10 Actors Who Really Didn't Get Along On Set
Catfights behind the scene are sometimes way too juicy to ignore.
1. Bette Davis and Joan Crawford in "Whatever Happened to Baby Jane?" (1962)
This black-and-white psychological thriller features two aging sisters stuck in a bitter Hollywood rivalry. The behind-the-scenes animosity between Bette Davis and Joan Crawford rivaled that of their characters. The two Hollywood legends were infamous for their decades-long feud, which only intensified during the filming. Bette Davis reportedly kicked Crawford during a scene, and Crawford retaliated by wearing weights for a scene where Davis had to drag her. The drama might have actually contributed to the film's success; it received five Oscar nominations and maintains an 92% rating on Rotten Tomatoes.
2. Bill Murray and Lucy Liu in "Charlie's Angels" (2000)
"Charlie's Angels" showcases three elite private investigators who solve crimes with a mix of martial arts, tech-savvy, and sex appeal. While the film was a box-office success and maintained a playful tone, things weren't so cheerful behind the scenes. Bill Murray reportedly stopped a scene to tell Lucy Liu she couldn't act. Liu responded with a series of punches, temporarily halting production. Murray didn't return for the sequel, replaced by the ever-smooth Bernie Mac.
3. Jamie Foxx and LL Cool J in "Any Given Sunday" (1999)
In Oliver Stone's football drama "Any Given Sunday," Jamie Foxx and LL Cool J play teammates who struggle to see eye-to-eye. Life imitated art when the two stars got physical during an improvisation that got a bit too real. The altercation escalated to the point where the police were called to set. In spite of this off-field drama, the film still managed a respectable 52% on Rotten Tomatoes and grossed over $100 million worldwide.
4. George Clooney and David O. Russell in "Three Kings" (1999)
"Three Kings," a film about four soldiers in a gold heist at the end of the Gulf War, wasn't just notable for its unique blend of war film and heist comedy. It was also the setting of a famous clash between George Clooney and director David O. Russell. Clooney reportedly took issue with Russell's treatment of the crew. Their disagreement culminated in a physical fight, but it didn't seem to affect the film's performance, which boasts a 94% rating on Rotten Tomatoes.
5. Ryan Gosling and Rachel McAdams in "The Notebook" (2004)
"The Notebook" is the tear-jerking love story of Allie and Noah, played by Rachel McAdams and Ryan Gosling. Despite their on-screen chemistry, the pair initially didn't get along during filming. Gosling even asked the director to bring in another actress for his off-camera scenes. However, this tale has a twist. Gosling and McAdams later dated for several years, proving that passion can emerge from conflict.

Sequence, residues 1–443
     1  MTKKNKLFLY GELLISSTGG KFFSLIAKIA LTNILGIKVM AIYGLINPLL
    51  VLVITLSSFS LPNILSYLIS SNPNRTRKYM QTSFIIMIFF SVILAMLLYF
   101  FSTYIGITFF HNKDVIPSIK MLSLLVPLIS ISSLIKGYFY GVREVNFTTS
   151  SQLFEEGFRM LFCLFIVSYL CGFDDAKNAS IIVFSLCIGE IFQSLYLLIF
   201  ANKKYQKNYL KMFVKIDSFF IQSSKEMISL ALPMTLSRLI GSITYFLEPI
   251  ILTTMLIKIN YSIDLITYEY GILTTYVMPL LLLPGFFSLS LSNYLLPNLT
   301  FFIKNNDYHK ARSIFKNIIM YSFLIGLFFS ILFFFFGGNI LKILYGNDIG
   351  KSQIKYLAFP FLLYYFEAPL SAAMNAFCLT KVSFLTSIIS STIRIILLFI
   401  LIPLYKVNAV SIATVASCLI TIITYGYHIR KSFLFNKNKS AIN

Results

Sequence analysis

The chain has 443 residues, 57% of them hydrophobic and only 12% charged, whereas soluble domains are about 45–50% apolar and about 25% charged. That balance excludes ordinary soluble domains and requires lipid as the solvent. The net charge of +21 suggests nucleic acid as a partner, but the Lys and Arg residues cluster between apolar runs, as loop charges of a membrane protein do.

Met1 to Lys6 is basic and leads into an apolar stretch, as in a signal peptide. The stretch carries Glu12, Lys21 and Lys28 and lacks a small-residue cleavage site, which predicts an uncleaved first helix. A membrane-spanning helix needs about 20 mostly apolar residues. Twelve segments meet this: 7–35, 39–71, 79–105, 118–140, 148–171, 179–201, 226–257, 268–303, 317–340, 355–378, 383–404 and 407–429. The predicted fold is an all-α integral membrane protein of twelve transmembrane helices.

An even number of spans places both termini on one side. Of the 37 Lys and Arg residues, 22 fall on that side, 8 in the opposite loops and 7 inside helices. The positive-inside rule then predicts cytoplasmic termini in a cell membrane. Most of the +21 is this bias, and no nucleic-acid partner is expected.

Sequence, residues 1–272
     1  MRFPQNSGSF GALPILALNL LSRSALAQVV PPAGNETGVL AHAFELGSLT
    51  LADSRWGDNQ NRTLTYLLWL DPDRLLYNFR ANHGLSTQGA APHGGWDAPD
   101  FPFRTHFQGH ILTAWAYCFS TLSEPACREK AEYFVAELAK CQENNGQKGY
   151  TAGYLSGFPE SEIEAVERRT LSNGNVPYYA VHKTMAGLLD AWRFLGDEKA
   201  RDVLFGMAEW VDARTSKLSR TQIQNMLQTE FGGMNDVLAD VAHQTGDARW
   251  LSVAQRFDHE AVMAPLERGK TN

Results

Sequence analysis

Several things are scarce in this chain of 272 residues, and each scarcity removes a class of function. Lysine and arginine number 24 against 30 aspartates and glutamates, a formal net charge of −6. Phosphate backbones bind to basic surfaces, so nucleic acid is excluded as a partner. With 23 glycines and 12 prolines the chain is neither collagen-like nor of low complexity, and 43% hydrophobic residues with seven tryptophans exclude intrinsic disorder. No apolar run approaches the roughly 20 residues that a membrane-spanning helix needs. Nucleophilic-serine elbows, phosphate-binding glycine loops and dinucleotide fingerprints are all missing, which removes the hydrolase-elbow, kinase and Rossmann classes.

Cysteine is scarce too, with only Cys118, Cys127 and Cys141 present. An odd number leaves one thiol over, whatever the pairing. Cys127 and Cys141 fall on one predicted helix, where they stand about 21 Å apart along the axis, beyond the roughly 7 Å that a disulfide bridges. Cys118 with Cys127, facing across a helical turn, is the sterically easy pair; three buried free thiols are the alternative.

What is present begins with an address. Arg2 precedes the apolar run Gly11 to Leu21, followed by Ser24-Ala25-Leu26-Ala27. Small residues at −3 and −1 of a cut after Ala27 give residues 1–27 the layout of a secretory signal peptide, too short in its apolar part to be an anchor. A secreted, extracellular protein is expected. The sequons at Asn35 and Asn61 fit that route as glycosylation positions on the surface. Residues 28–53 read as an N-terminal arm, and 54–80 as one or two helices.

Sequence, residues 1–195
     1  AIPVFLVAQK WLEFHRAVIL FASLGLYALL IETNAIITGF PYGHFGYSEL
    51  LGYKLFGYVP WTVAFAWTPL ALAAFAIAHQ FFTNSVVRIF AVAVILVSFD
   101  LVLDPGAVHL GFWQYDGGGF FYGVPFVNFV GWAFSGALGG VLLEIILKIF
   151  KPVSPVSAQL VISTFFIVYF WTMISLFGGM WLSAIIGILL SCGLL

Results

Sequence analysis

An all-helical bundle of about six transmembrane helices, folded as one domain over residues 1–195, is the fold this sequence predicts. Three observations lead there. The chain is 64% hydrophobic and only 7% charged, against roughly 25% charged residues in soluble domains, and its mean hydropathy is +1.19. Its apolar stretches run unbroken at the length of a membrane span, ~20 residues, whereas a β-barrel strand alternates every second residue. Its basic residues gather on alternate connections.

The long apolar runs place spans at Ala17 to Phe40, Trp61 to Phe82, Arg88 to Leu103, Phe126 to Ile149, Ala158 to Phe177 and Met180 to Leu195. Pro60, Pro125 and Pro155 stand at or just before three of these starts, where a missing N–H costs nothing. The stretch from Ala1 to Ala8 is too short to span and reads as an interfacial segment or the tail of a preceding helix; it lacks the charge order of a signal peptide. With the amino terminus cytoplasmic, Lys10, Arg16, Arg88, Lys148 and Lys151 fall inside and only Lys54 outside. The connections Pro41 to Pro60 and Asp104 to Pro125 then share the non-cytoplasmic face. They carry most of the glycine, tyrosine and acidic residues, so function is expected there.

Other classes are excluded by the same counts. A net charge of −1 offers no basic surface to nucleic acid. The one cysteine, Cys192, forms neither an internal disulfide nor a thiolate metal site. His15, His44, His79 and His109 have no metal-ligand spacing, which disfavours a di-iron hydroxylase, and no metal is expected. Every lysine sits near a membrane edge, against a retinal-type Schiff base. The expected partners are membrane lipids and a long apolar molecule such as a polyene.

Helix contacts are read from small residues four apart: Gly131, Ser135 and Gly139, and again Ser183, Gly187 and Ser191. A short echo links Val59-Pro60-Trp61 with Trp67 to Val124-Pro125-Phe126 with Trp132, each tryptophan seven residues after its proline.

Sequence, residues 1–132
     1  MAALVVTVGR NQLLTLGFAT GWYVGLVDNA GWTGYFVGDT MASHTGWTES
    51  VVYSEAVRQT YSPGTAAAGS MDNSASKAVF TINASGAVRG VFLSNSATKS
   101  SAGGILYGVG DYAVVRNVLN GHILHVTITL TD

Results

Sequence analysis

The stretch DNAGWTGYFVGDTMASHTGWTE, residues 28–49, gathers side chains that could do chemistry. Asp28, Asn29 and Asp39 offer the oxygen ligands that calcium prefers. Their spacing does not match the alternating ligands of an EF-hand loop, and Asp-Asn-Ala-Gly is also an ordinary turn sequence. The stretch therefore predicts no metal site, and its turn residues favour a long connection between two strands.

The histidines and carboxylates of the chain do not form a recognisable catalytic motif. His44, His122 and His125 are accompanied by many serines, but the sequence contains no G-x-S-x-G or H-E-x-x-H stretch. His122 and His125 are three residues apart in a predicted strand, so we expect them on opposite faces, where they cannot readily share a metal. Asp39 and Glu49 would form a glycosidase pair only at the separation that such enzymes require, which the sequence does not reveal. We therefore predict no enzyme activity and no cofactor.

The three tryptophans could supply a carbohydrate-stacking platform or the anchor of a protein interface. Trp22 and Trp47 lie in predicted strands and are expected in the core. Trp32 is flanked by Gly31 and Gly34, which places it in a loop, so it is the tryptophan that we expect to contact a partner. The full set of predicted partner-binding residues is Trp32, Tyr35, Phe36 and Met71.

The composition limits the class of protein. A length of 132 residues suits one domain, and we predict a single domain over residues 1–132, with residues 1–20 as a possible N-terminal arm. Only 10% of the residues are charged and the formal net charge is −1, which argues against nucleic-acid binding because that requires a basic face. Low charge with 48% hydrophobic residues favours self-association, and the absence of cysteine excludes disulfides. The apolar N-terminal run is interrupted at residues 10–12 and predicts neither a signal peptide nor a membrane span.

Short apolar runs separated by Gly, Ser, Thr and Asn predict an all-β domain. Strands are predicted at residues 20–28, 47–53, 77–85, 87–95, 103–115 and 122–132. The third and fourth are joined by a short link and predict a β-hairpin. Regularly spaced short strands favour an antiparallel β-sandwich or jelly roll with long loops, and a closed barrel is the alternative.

6. Shirley MacLaine and Debra Winger in "Terms of Endearment" (1983)
This Academy Award-winning drama explored the relationship between a mother (Shirley MacLaine) and her daughter (Debra Winger) over thirty years. While their on-screen relationship was full of ups and downs, so was their off-screen one. The tension reached such a peak that it resulted in a physical altercation, with MacLaine reportedly throwing a punch at Winger. Despite the off-screen drama, both actresses delivered powerful performances and MacLaine won an Oscar for Best Actress.
7. Patrick Swayze and Jennifer Grey in "Dirty Dancing" (1987)
Patrick Swayze and Jennifer Grey play star-crossed lovers in this dance-filled coming-of-age film. Despite their sizzling on-screen chemistry, they had a less than harmonious relationship off-camera. Swayze found Grey's behavior, including her frequent giggling and crying, irritating and unprofessional. Yet their tension seemed to translate into passion on screen. The film was a massive hit, becoming a pop culture phenomenon and earning a 72% rating on Rotten Tomatoes.
8. Wesley Snipes and Ryan Reynolds in "Blade: Trinity" (2004)
In "Blade: Trinity", Wesley Snipes reprised his role as the vampire hunter Blade, while Ryan Reynolds joined the franchise as the witty and muscular Hannibal King. But, reportedly, Snipes was not a fan of Reynolds' humor, or the new direction the series was taking. He was so upset that he would often communicate with director David S. Goyer only through post-it notes, signed as 'Blade'. While the movie was the least successful installment in the series, Reynolds' performance was praised and he went on to greater superhero success as Deadpool. Wesley Snipes, though… Yeah, we all know what happened to him.
9. Tommy Lee Jones and Jim Carrey in "Batman Forever" (1995)
"Batman Forever" brought together Tommy Lee Jones as Two-Face and Jim Carrey as the Riddler, both villains aiming to take down Batman. However, the flamboyant, over-the-top acting style of Carrey didn't sit well with Jones' more serious approach. Carrey has spoken about Jones' disdain for him, even recounting a time Jones told him, "I hate you. I really don't like you...I cannot sanction your buffoonery." Despite their clash of styles, the film was a commercial success, even if it only holds a 39% rating on Rotten Tomatoes.
10. Charlize Theron and Tom Hardy in "Mad Max: Fury Road" (2015)
In "Mad Max: Fury Road", Charlize Theron and Tom Hardy play survivors in a post-apocalyptic world. Despite the film's critical acclaim (holding a high 97% rating on Rotten Tomatoes), their relationship behind the scenes was as rocky as the dystopian landscape they traversed. Hardy's method acting techniques didn't mesh well with Theron's more traditional approach, leading to tension and standoffs. In spite of this, or perhaps because of it, their performances were highly praised and the film became a genre-defining success.